Sponsored post: I received a digital copy of this book for free on a read-to-review basis. Thanks to Flux and NetGalley.
Blurb (from Goodreads):
Anna O’Mally doesn’t believe in the five stages of grief. Her way of dealing with death equates to daily bouts of coffin yoga and fake-tattooing Patti Smith quotes onto her arms. Once a talented writer, Anna no longer believes words matter, until shocking discoveries– in the form of origami cranes– force her to redefine family and love.
As Anna goes in search of the truth, she discovers that while every story, every human being, has a last line, it might still be possible to find the words for a new beginning.
My rating: 3.25 of 5 stars
(Source: I received a digital copy of this book for free on a read-to-review basis. Thanks to Flux and NetGalley.)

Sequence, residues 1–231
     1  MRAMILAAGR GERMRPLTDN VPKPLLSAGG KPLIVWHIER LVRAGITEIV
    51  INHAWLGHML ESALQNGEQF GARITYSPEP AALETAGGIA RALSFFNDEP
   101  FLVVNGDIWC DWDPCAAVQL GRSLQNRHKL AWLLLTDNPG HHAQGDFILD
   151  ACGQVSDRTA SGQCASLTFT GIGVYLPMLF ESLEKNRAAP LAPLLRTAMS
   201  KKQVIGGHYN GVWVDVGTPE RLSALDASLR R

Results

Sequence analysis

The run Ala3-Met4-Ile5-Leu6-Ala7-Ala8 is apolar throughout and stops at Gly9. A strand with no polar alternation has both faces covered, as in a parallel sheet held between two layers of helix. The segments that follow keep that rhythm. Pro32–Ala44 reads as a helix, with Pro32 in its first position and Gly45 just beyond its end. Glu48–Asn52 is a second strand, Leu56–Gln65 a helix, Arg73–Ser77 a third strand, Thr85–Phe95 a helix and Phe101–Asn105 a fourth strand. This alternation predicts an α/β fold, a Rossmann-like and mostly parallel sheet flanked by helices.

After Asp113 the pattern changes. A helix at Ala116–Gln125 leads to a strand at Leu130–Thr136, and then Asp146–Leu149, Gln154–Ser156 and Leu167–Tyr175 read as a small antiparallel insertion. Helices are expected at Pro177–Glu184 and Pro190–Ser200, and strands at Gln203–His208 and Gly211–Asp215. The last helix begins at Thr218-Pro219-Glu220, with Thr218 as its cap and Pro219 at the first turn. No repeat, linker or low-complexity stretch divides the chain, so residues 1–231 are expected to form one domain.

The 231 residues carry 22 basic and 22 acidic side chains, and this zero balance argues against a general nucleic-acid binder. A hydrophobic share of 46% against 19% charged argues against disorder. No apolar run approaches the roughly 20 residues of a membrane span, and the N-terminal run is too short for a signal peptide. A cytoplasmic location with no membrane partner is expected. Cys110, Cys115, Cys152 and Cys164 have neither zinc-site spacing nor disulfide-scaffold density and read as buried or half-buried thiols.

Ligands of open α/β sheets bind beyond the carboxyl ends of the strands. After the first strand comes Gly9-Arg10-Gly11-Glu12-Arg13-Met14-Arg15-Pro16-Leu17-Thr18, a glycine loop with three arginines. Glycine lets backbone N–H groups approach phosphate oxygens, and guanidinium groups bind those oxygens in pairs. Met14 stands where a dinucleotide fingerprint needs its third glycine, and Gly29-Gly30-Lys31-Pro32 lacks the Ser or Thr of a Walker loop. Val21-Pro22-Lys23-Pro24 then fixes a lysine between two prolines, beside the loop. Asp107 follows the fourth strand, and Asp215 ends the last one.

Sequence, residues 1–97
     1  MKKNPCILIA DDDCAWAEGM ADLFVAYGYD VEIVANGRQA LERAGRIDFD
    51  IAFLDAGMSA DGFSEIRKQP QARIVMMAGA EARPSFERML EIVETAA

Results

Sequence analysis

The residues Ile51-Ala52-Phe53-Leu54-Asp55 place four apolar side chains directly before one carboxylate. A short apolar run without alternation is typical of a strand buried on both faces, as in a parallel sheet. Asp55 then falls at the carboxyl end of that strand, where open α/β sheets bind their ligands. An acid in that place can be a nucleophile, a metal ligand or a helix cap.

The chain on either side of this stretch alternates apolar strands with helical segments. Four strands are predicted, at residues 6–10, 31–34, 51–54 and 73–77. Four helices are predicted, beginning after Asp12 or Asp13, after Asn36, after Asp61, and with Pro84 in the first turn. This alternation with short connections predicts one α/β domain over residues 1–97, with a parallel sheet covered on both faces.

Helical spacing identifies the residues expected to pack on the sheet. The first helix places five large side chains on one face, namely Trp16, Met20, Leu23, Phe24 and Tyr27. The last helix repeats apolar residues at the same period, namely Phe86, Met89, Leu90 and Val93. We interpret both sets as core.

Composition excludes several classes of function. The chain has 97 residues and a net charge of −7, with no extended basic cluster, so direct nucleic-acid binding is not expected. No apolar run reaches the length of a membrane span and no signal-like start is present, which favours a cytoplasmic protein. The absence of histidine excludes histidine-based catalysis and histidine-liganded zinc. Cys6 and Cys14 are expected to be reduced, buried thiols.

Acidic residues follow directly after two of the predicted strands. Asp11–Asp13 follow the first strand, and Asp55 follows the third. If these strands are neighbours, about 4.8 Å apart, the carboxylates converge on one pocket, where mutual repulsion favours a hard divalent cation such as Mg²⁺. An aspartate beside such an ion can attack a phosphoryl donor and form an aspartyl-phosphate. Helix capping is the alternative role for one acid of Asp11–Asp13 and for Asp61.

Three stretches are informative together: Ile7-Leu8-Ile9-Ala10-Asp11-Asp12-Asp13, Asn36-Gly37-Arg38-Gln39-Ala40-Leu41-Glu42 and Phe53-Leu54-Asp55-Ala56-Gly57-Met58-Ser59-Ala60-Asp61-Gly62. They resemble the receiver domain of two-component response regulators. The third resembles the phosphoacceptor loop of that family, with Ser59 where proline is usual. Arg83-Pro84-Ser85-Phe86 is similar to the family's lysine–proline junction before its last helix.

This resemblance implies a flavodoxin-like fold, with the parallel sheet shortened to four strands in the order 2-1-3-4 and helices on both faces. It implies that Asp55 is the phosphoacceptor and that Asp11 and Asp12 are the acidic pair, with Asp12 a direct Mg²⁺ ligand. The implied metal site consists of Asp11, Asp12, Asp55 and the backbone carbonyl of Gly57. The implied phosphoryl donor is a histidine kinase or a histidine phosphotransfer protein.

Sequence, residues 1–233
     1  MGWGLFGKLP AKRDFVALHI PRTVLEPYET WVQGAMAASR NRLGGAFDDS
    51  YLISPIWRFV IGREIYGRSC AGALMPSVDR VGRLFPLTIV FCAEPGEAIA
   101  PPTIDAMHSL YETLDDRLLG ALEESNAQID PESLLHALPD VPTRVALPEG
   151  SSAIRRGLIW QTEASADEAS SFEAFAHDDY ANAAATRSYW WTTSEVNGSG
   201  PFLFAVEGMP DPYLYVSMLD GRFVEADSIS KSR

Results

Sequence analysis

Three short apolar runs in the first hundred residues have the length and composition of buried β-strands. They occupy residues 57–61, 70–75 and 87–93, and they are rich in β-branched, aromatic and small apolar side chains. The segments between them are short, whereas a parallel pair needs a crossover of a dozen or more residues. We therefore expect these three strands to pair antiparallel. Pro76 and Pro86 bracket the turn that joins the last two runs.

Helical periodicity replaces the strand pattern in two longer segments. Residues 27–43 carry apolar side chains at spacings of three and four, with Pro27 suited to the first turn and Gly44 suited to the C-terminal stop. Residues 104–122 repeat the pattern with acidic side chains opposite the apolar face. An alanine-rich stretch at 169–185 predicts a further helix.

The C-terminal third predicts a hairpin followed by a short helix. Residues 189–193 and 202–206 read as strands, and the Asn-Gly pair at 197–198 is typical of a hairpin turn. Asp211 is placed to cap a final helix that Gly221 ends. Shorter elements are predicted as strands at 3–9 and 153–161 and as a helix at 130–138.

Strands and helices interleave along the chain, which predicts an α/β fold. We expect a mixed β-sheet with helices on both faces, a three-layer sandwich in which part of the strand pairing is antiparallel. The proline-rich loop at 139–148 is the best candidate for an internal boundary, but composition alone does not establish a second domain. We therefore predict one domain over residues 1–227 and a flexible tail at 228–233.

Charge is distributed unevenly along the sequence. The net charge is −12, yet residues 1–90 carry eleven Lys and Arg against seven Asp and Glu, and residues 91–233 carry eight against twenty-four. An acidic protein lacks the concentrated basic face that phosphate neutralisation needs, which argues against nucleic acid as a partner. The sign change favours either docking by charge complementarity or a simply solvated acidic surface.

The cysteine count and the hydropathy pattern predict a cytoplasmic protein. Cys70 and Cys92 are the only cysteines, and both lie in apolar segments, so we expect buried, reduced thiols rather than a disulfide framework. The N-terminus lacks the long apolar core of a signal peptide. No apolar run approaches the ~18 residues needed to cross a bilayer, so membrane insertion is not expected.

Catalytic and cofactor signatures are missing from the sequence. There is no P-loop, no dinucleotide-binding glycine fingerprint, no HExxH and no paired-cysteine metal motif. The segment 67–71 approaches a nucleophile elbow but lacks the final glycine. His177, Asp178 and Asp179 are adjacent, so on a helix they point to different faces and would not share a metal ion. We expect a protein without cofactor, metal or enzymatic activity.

17-year-old Anna is trying to come to terms with her uncle’s death, but she’s having a hard time of it.
How did Joe die? Was it really Anna’s fault? And what secrets will she uncover whilst trying to unravel the mystery?
This was an okay story about grief, but I preferred the mystery element to the rest of the story.
Anna was an okay character, it was clear that she grieving over her uncle’s death, and clear that her coping mechanisms weren’t the same as everyone else’s. I did feel sorry for her at points, but being inside her head was a little chaotic at times.
The storyline in this was okay, but I preferred the mystery element to everything else. I liked the mystery over what had happened to Joe, and why Anna felt guilty, but I wasn’t so interested in her ‘coffin yoga’, or the other nonsense she seemed to come out with.
There was a bit of romance which was quite nice, but again, I didn’t love it.
The ending to this was okay, and I was glad that the mystery was solved. I didn’t really feel like Anna was out of her grief-induced haze yet though.
Overall; okay story, but slowly paced,
6.5 out of 10.